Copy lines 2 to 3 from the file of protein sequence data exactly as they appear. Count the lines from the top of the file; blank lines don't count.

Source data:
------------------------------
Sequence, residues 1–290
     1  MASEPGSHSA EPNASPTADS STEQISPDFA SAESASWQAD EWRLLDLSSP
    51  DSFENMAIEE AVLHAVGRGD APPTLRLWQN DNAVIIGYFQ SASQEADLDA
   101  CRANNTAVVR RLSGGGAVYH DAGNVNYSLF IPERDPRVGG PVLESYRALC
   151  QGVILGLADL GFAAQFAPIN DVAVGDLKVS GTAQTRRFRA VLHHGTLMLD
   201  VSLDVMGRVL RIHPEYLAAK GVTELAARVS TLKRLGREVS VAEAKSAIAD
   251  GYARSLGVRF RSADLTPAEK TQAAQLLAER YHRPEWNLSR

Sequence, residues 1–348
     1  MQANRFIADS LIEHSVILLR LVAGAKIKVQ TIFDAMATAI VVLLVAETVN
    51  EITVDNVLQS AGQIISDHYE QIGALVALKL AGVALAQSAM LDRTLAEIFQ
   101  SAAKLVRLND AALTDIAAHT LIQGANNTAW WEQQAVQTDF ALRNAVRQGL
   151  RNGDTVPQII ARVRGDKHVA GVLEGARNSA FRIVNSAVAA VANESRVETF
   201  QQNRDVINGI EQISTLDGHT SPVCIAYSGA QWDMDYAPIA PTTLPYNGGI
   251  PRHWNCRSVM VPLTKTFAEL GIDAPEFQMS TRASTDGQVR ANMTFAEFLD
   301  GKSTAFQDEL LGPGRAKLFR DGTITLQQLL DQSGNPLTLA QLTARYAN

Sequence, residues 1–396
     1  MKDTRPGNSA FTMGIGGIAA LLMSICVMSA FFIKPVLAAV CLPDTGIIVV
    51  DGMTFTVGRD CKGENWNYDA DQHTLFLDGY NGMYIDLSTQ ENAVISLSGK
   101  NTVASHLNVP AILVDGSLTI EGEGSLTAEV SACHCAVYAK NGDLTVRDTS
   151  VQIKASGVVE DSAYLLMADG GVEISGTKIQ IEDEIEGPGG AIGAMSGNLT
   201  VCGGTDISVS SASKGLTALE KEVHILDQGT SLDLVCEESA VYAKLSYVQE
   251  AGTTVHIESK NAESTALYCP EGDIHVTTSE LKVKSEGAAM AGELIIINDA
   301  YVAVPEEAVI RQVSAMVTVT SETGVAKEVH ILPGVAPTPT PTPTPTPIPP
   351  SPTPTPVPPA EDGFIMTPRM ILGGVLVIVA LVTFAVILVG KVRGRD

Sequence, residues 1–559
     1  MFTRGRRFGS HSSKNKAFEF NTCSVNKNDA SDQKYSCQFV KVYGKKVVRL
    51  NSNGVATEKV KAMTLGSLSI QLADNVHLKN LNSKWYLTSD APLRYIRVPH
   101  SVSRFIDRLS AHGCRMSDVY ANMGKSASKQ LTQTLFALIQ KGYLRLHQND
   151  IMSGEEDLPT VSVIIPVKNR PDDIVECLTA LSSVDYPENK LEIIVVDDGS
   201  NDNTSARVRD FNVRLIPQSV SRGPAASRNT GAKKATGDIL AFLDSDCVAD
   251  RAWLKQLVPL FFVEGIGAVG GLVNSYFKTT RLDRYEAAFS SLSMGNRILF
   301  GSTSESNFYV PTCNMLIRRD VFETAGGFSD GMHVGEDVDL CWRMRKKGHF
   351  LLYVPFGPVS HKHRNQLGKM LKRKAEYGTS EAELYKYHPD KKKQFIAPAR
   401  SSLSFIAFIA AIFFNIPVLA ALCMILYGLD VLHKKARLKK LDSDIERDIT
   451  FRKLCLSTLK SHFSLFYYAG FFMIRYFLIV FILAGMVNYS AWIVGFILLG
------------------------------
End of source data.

     1  MASEPGSHSA EPNASPTADS STEQISPDFA SAESASWQAD EWRLLDLSSP
    51  DSFENMAIEE AVLHAVGRGD APPTLRLWQN DNAVIIGYFQ SASQEADLDA